Kathy Carcaci ’95

Manager of Staff Recruitment / Human Resource Manager

When I reflect back to 1968 and our move to the “New Campus” I remember feeling like many others; how can we leave the “old campus”, what about the Past Time, what about shopping at Midtown, what about all the beautiful historic buildings that contained offices, classrooms and labs; all the hustle and bustle of a downtown campus would all be gone!

Well, we had to let go of those feelings and move out to Henrietta and accept the fact that all the fields and open spaces would give birth to a “New Campus”. My department, Personnel, as it was called in those days, was located in the “Eastman Tower”, a name many people used and was one of the first buildings to be occupied. I have so many memories of that period of time in RIT’s history, but one of my favorite memories was the dedication of the “New Campus” and seeing Dr. Ellingson, the President, cut a very LARGE cake that was created as a replica of our “New Campus”! There was so much to celebrate that day! Fifty years ago an urban campus become a suburban campus. The move was critical to the growth of RIT as a university and every day it is evident to me it was a very good decision.

Dr. Peter Giopulos

Professor Emeritus, former College of Fine & Applied Arts

Everyone had moved to the new campus in September ’68 except the School of Art and Design, and the School for American Craftsman students. Our building was finally ready in January '69. We tagged furniture, files and art work before leaving for the Christmas break. When we returned, all was in Booth Hall on the new campus! White walls, huge rooms and pristine floors were a treat! Such a contrast from Claude Bragdon’s beloved old Bevier building on Spring Street! But sentiments run deep, and one day a few students were demonstrating outside Booth Hall, longing for the old campus!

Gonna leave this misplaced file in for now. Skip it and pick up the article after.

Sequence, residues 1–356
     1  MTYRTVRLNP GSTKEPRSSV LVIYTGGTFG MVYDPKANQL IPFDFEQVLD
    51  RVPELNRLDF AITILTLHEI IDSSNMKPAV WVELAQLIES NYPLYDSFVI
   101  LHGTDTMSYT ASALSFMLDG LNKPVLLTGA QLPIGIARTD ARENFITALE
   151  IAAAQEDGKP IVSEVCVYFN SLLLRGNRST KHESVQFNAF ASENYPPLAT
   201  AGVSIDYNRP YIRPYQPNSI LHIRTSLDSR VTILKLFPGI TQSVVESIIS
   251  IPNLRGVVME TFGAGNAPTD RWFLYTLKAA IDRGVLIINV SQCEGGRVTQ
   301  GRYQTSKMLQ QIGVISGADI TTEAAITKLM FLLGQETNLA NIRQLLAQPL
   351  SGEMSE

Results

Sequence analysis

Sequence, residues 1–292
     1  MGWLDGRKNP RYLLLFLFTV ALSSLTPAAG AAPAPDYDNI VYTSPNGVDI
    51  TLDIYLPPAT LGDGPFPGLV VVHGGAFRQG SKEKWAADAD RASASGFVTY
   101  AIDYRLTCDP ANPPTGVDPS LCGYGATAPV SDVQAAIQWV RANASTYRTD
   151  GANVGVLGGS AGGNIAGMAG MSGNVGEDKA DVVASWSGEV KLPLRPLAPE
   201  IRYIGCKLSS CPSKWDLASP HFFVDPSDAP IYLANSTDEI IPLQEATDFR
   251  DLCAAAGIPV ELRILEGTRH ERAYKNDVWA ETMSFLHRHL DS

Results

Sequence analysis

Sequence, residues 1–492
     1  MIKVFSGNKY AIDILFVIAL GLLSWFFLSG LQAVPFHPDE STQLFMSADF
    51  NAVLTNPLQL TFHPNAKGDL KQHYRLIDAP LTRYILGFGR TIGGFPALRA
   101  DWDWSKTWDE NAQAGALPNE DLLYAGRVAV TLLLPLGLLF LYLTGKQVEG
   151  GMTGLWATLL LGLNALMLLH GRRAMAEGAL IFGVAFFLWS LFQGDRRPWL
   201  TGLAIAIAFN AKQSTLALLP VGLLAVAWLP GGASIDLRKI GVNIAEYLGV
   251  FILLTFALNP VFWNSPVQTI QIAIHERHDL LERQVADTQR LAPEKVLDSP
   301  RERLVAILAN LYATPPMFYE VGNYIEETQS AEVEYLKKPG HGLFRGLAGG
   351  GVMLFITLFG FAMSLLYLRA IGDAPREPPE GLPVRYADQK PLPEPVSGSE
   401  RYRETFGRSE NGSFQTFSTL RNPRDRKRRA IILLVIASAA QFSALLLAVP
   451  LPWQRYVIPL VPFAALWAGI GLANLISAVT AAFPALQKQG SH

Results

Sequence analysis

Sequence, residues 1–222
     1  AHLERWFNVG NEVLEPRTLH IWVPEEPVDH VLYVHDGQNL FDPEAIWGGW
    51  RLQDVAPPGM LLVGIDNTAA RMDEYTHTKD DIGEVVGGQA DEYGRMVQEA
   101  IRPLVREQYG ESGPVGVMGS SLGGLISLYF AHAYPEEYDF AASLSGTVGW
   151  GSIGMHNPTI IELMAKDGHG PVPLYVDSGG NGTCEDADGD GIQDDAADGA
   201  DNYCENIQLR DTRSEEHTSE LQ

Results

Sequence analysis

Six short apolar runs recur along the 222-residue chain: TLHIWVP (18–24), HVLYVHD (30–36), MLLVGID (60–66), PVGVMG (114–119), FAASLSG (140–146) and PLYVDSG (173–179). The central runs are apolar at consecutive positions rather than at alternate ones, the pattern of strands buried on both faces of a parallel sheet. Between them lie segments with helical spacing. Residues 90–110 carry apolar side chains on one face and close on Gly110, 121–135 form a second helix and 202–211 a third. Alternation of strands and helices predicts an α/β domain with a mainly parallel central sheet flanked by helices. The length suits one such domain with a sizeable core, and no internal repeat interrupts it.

Scott Saldinger ’89, ’91

CIAS alumnus

Big Shot 4, December 8, 1990, of the Gannett Building stands out as a great memory at RIT. The first Big Shot on campus, students played a tremendous role in this one because of the need to run the halls to keep the motion sensor lights on. I videotaped the Big Shot for my senior thesis documentary about a year in the life of RIT. 32 Big Shots later, RIT has been featured 5 times and stand as memorials to the unique campus that is known as “Brick City”!​

John Stratton ’64

Former Associate Dean, CAST

I was the son of Burton Stratton, who was head of all evening programs in the 1940’s and 1950’s. My first real memory is that of going into the Eastman Annex and going into the office of a lady who showed us the construction underway of the Clark Building. This new building was to house the mechanical, printing and photography departments. It was a lot of fun to watch the construction equipment finishing the foundation and starting the walls for the upper structures. For a 7 year old boy, this was real construction and set my mind on engineering.

When I was a student working at RIT, I helped move the bookstore to what had been the “lounge” in the basement of the Clark building.

About the age of 7, I was downtown with my Aunt. We were to meet my father in his office in the RIT Eastman Building. Aunt Stella did not know her way, so she asked others how to get to RIT. Nobody knew, until a man asked if she really wanted Mechanics Institute. Yes, she did and he showed us the way. It must have been soon after 1944, when Rochester Athenaeum and Mechanics Institute was changed to Rochester Institute of Technology. Yes, we found my father.